With Arrow, The Flash and Gotham one can’t help but see that DC is having a much better time on the small screen then they’ve had on the big one. All three shows, with varying degrees of quality, have finally shown comic book fans that you don’t have to suck if you’re not Batman or Superman. Marvel has been kicking the crap out of them in theatres for quite some time, Nolanverse notwithstanding, but with the addition of Supergirl to the DC television lineup they’re certainly striving for dominance in this medium at least. But just how good is this new kid on the block?
The pilot opens with narration provided by Kara Zor-El (Melissa Benoist) who tells how as Krypton readied itself for destruction Jor-El had placed baby Kal-El into a spaceship bound for Earth, but while Kal-El took off on his historic journey Kara’s mother rolled her own ship into launching position, and placed Kara in it so that she could go off to Earth to be Kal-El’s super powered babysitter.
Things do not go according to plan. When Krypton explodes a shockwave sends her ship into the Phantom Zone where time doesn’t pass, and while there she slept for twenty-four years. So when her ship was mysteriously jogged loose from the Phantom Zone she arrived on Earth only to find that her little baby cousin was now the most powerful being on the planet, but she was still a thirteen year old girl.
Wanting her to have the same wholesome normal life he did Superman drops her off with the Danvers family; Jeremiah Danvers (Dean Cain), Eliza Danvers (Helen Slater), and their daughter Alex Danvers (Chyler Leigh), to become their adopted daughter Kara Danvers. With Superman being Superman her mission to protect him is definitely off, but then what does a super powered Kyrptonian do with herself? The answer is the show’s first huge misstep, Kara tells us that, “Even though I had all the same powers he did I decided the best I could do is fit in. After all Earth didn’t need another hero.” Yes, because all crime and strife have been eliminated by Superman…oh wait, no it hasn’t. So instead of following in the footsteps of her cousin she decides to get a job fetching coffee for media mogul Cat Grant (Calista Flockhart). Now as Clark Kent Superman used his access to the Daily Planet to keep in touch with world events, but Kara here gets a job at CatCo. to be Ally McBeal’s lackey. With no real plans beyond that.
Question: What’s with the glasses? If she has decided that a normal life is the way to go why in the hell is she going with her cousin’s ridiculous disguise? Did her adoptive parents tell her to wear them just in case she changed her mind some time later in life? They messed up the same way back 1993 in Lois & Clark when it showed Dean Cain’s Clark Kent wearing glasses in Smallville prior to deciding to become Superman. Kyrptonians do not have bad eye sight, quite the opposite actually.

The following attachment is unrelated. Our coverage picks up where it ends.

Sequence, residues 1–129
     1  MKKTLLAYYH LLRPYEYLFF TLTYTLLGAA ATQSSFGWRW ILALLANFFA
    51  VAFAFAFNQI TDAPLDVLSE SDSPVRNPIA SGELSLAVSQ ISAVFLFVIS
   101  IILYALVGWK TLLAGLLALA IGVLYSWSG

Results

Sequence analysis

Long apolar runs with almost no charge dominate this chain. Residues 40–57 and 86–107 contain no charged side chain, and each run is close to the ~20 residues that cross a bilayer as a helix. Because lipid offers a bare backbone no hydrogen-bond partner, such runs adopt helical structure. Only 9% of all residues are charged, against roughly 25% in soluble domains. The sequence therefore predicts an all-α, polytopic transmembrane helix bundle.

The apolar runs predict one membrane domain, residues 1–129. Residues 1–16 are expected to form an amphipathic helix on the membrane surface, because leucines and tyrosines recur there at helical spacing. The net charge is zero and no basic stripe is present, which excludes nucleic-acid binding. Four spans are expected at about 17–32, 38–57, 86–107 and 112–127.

Much of the opening of this show is to set-up the Devil Wears Prada relationship Kara has with her boss, who is a callous and ruthless, and not someone you would put up with if you had the ability to lift a bus. The comedy in this first episode is very hit and miss, with them trying to make Kara into the same kind of cute awkward woman that Emily Bett Rickards plays on Arrow. It doesn’t work nearly as well here. We are treated to idiotic scenes like someone seeing her without her glasses on saying how pretty she is without them. Yeah, she’s a complete troglodyte when she has them on. That’s why she is reduced to finding men through online dating services, and is then almost immediately dumped by one for no Earthly reason. Comedy gold folks, and something I certainly want in my superhero show.
It’s while the douchebag is skipping out on her that Kara notices a news report of a plane in danger, and that’s when the episode started to give me hope. For a television show they don’t skimp on the action here, and unlike Smallville they don’t have a “No tights no flight” motto to adhere to. The sequence with Kara leaping into the sky to catch the crippled plane, and then guiding it down through the support structure of a bridge, is just damn impressive. Unfortunately after this awesome moment the show’s writers decided to kick us right in the junk with some of the most idiotic contrived conflict you will ever witness. After the rescue we find jubilant Kara back at her apartment, excited about her first foray into superherodom, but soon her sister Alex shows up to rain on her parade. Alex is pissed at Kara for revealing to the world that there is another being with powers like Superman’s, and practically reads her the riot act. Alex doesn’t even acknowledge the fact that she’d be dead if not for Kara, because she was on that flight. Kara doesn’t even get so much as thank you for saving her life.